How To Save The New Yankee Stadium


After a boycott by fans over crazy ticket prices and another mediocre start for the team, talk has already begun that the new $1.5 billion Yankee stadium is doomed.

If the Yankees stay stubborn about ticket prices, it might be: It won’t take long for the place to develop a gilt-edged “curse” that will dog Yankee teams for decades. But if the Yankees are willing to be flexible, there’s an easy fix.

The Yankees should fill every seat in the house every game–by offering last-minute price cuts online.  24 hours before each game starts, for example, remaining seats could be sold via an online auction in which prices drop 1% a minute until they’re all gone.

This would once again pack the stadium.  It would generate more revenue than the team is making now.  It would take advantage of the free market to more appropriately price tickets for a given game based on demand.  And it would help restore the perception that the team actually cares about its fans.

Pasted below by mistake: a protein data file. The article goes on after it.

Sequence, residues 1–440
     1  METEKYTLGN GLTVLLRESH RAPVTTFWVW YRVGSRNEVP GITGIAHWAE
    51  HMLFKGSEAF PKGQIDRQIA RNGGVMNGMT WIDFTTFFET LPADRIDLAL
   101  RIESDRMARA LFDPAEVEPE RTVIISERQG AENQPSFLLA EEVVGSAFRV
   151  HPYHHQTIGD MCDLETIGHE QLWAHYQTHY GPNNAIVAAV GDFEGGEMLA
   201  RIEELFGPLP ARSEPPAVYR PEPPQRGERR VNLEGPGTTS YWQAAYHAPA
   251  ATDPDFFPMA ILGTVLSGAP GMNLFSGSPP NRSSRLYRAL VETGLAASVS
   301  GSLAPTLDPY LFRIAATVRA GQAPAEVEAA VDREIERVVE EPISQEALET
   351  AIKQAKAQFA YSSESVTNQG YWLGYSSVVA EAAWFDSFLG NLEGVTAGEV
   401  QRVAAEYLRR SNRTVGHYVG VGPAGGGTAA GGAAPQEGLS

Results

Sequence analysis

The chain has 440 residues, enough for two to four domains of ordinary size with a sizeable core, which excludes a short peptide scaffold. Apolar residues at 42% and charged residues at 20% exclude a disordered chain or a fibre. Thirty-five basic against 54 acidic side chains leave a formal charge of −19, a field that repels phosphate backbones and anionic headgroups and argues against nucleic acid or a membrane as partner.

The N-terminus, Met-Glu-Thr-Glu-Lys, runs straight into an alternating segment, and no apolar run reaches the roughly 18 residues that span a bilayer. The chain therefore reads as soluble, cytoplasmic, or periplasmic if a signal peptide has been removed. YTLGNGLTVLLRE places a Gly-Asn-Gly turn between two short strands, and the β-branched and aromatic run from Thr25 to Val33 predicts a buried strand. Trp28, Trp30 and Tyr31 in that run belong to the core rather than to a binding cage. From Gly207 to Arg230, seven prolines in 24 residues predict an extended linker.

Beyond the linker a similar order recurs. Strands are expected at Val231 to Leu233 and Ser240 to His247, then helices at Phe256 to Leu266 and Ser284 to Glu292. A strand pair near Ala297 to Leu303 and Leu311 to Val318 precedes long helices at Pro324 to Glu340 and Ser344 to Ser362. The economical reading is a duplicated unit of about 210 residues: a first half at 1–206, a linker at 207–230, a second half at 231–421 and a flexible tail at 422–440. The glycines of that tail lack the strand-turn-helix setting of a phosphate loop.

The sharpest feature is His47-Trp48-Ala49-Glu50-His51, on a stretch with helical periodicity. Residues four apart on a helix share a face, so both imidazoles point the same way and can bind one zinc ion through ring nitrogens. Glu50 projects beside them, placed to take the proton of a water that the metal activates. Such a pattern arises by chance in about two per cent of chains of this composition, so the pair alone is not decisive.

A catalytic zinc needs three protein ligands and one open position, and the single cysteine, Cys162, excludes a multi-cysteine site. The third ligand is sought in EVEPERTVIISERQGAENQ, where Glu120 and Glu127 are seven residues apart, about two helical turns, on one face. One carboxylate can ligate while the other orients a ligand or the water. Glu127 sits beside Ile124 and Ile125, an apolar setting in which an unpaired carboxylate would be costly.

The risk, of course, is that people and corporations stop buying tickets in advance so as to save money.  This could be managed, however.  People will pay a premium for guaranteed seats and advance planning.  Corporations wanting to entertain clients, for example (for whom the new stadium was primarily designed) would never wait until 24 hours before the game to buy the seats–especially if they risked losing them.  The same goes for season ticket holders.  It would take time to get the advance vs. real-time pricing right, but the benefits of having the stadium packed would outweigh any early lost revenue.

From the WSJ: Since it opened in April, scads of empty seats in prime locations have compelled the team to cut prices. Tickets to a recent Boston Red Sox game, usually a hot item, were selling for $8 on StubHub, the online reseller. Home runs are flying out of the place at an alarming rate (the park’s average of 3.62 per game led the majors before Thursday night). The Yankees absorbed a 10-2 loss in the park’s first regular-season game and allowed a stunning 22 runs in its third.

As the Yankees return Friday for their third homestand at the new “Taj Mahal,” as outfielder Nick Swisher calls the park, here’s a sobering thought for the franchise and its fans: What if this $1.5 billion ballpark doesn’t help the team? Is it possible that this magnificent facility could fail?

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